A breast cancer diagnosis can be terrifying. Depending upon the recommended treatment, many patients may want to get a second opinion from another subspecialist before proceeding. This process can be burdensome for everyone involved - you, your patient and the physician providing a second opinion - thanks to the antiquated method of sharing mammograms - gathering your information by mailing CDs or sending faxes (or, even worse - mailing the film itself!)
October marks the beginning of Breast Cancer Awareness Month. With one in eight women receiving a diagnosis in her lifetime (in the U.S.), there’s a high chance this disease has impacted you, if not by your own experience, perhaps through a friend or relative’s diagnosis. Early detection is the best way to stay ahead of this disease, and that involves taking ownership of your own health. Your first step is to ask for copies of your mammograms.
It’s true, mammograms are still the best tool to detect breast cancer. US breast cancer statistics report that in 2018, 1 in 8 women will develop an invasive form of breast cancer. Which all boils down to one scary fact: approximately 40,920 women in the US are “expected” to die from breast cancer in 2018 alone. Mammograms are the first step to taking preventative measures, but it doesn’t stop there. What about how these images are viewed by a radiologist? Not all PACS are created equal. In fact, do you know if you are even viewing high quality breast images on an approved DICOM viewer?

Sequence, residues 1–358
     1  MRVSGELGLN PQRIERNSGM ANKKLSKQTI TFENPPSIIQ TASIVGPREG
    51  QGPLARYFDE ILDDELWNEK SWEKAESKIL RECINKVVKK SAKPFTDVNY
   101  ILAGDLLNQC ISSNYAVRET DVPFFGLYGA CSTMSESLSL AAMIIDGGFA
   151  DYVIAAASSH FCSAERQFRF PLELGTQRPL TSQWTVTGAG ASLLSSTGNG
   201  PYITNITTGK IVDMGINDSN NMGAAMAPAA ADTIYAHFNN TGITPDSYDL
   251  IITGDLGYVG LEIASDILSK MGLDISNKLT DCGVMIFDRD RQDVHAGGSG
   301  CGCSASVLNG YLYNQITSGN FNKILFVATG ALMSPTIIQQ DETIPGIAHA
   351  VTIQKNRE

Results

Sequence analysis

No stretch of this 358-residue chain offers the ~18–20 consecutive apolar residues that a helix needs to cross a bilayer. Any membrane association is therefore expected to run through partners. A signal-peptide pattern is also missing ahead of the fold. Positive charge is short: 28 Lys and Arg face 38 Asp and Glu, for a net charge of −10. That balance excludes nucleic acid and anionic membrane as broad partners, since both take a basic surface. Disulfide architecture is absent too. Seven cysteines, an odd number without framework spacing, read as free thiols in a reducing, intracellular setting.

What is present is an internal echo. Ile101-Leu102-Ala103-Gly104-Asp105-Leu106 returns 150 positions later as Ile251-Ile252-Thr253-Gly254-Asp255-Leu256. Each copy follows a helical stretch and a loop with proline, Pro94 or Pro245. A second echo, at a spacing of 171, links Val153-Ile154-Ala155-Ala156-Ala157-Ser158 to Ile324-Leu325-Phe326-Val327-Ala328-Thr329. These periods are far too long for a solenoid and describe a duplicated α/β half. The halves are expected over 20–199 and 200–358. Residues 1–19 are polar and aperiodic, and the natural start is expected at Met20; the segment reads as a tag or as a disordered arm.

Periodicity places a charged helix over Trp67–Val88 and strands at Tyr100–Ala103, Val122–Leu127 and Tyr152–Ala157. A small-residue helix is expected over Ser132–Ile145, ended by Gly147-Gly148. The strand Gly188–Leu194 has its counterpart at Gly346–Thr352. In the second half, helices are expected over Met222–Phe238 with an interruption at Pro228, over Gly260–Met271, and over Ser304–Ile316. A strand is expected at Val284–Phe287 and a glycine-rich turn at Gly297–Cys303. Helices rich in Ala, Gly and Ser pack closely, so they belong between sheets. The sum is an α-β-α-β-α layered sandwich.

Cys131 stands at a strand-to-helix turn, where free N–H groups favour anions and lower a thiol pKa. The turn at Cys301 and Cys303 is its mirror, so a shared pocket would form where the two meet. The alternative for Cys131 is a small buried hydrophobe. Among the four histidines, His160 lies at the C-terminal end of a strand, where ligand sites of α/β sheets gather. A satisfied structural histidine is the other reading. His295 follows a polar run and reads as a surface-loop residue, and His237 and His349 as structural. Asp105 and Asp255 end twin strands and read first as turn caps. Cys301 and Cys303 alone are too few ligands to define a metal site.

Traditionally, mammography imaging studies are stored on a local onsite picture archiving and communications system (PACS). There are two reasons for this. First, mammography studies are difficult and slow to transmit electronically due to their size. Second, traditionally specialized software and reading stations located near modalities have been required to read mammography images.
In recent years, many cutting-edge radiology facilities that perform breast imaging have begun offering a new imaging technology called digital breast tomosynthesis (DBT) in addition to or in place of standard mammography exams.